SOUTH BEND, IN - Groundbreaking for the $22 million mixed-use residential housing called 'The Ivy at Berlin Place' will take place at 11:30 a.m. on March 22 near the main entrance to Four Winds Field in downtown South Bend.
Andrew T. Berlin, sole owner of the South Bend Cubs, and now developer/investor in the first residential housing ever to be built at South Bend's minor league baseball stadium, will be joined by city and county leaders, including Mayor Pete Buttigieg, South Bend Regional Chamber of Commerce President and CEO, Jeff Rea, representatives of TWG Development, LLC, the Indianapolis-based firm managing the project, and Wintrust Bank out of Chicago.
"Excitement in this part of downtown South Bend has been building every year for the past five years," commented Berlin. "We like to be first. And we always like to be in the best location. There's no question, this is the part of downtown that people come to from a hundred miles in every direction. What we're building is something that I will personally be proud to call home myself when I'm here for games. I'll be living here too! It's unique. It's in the best possible place. And it's the first."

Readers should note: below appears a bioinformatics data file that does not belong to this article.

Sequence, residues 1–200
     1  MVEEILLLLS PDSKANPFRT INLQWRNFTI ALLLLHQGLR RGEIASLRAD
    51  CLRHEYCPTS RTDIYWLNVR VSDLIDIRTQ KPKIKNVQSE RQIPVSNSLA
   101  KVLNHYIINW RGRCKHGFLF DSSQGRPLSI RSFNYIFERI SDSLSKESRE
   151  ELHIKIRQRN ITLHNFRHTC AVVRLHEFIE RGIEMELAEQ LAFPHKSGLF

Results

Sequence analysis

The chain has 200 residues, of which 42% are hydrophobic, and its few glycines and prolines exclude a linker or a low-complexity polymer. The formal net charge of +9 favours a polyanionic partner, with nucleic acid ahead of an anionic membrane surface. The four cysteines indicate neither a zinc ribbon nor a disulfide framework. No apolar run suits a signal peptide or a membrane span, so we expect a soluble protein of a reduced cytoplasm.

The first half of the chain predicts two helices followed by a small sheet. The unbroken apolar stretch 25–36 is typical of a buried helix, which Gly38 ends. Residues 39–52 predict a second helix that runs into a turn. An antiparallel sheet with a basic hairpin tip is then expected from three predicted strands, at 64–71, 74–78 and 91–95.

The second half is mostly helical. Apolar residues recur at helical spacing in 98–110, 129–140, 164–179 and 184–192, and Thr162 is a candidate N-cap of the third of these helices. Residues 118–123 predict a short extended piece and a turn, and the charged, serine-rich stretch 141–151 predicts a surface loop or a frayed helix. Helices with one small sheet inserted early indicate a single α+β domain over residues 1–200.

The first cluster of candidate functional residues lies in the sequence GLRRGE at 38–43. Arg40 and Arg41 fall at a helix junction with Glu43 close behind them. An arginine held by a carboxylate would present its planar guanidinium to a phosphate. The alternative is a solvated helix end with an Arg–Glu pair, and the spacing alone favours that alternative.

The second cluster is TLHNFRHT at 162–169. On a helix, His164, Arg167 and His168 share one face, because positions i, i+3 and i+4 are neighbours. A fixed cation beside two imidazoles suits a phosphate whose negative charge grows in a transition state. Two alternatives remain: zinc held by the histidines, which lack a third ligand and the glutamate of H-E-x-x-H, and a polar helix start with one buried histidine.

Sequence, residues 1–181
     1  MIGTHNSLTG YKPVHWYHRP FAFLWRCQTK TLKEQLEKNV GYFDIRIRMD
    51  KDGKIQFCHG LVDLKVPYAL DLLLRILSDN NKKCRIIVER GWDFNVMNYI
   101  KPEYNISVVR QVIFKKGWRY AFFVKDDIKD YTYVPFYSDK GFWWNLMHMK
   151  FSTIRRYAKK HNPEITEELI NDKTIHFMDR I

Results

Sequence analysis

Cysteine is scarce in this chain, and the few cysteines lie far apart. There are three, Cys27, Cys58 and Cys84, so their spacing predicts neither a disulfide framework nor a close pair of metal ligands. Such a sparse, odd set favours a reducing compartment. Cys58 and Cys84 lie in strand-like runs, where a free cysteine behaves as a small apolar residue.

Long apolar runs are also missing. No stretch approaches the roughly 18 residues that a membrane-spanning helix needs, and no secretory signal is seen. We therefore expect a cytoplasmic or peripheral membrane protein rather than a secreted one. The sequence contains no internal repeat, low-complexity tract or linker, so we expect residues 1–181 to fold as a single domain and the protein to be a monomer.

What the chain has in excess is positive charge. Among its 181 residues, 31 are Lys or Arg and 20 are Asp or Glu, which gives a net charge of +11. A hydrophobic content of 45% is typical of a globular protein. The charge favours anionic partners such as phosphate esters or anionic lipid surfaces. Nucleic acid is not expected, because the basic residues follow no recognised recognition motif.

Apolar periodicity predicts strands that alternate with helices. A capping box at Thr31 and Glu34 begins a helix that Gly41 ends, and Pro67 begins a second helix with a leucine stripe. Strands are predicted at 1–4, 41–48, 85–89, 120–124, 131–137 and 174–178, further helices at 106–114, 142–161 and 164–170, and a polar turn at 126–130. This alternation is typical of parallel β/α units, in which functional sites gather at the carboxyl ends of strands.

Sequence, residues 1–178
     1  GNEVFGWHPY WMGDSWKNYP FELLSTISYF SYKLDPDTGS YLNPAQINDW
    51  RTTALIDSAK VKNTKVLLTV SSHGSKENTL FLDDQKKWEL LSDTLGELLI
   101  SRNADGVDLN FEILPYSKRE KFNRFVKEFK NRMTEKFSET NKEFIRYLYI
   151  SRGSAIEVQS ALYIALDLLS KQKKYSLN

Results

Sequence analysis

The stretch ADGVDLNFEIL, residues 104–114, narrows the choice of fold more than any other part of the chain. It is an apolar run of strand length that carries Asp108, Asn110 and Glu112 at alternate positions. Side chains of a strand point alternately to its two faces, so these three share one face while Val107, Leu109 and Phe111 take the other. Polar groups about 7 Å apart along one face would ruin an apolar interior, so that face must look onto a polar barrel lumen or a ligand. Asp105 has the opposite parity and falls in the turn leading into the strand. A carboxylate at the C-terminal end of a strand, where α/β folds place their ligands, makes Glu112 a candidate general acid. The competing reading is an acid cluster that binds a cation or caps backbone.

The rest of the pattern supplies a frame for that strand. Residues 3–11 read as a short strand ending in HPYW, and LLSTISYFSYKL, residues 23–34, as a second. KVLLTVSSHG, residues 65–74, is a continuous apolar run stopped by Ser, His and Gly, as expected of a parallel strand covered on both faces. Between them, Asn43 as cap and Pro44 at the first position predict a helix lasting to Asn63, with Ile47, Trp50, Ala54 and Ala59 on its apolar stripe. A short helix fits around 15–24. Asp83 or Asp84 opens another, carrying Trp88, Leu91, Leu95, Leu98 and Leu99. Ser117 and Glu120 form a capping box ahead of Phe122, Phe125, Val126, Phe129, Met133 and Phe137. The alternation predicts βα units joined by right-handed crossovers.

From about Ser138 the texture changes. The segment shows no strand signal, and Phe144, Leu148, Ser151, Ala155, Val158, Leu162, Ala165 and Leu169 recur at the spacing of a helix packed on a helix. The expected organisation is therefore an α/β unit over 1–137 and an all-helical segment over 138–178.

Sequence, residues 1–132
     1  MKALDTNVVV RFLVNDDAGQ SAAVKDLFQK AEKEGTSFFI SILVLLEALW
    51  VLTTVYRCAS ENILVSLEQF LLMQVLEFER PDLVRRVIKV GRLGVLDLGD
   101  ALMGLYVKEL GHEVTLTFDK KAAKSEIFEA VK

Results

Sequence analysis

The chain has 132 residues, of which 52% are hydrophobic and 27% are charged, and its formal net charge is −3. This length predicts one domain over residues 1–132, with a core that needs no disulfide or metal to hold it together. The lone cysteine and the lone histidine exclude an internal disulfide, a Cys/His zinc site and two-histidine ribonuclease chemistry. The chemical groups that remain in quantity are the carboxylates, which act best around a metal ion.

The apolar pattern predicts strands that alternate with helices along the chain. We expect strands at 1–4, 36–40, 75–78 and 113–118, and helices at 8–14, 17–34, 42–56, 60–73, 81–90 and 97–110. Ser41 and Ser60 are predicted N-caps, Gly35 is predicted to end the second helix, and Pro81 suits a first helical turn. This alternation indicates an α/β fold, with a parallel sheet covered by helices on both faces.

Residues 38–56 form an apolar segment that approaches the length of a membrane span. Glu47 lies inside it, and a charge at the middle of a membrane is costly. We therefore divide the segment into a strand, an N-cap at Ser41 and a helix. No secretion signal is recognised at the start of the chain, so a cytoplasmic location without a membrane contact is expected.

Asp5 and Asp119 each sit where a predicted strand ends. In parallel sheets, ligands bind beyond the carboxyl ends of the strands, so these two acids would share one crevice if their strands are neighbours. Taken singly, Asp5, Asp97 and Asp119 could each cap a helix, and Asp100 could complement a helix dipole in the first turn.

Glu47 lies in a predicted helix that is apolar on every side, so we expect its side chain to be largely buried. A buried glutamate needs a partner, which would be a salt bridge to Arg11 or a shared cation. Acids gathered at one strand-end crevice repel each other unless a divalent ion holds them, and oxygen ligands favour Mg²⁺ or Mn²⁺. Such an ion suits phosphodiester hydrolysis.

Upon completion, Andrew Berlin, as well as all other new and future residents of The Ivy at Berlin Place, will have their name engraved on brick pavers that will be set in the courtyard outside the stadium walls.
Media are invited to attend the groundbreaking ceremony. Participants will be available for comment and interviews.
About the South Bend Cubs
The South Bend Cubs are the Class A minor league affiliate of the World Series Champion Chicago Cubs. Over the past 29 seasons, the team has won five Midwest League titles, most recently in 2005, and has captured 12 division titles. In 2015 the team was named Ballpark Digest's Team of the Year and received the John H. Johnson President's Award, the highest award in minor league baseball. The team is owned and operated by Swing-Batter-Swing, LLC whose sole shareholder is Andrew T. Berlin of Chicago, Ill.
This story was not subject to the approval of the National Association of Professional Baseball Leagues or its clubs.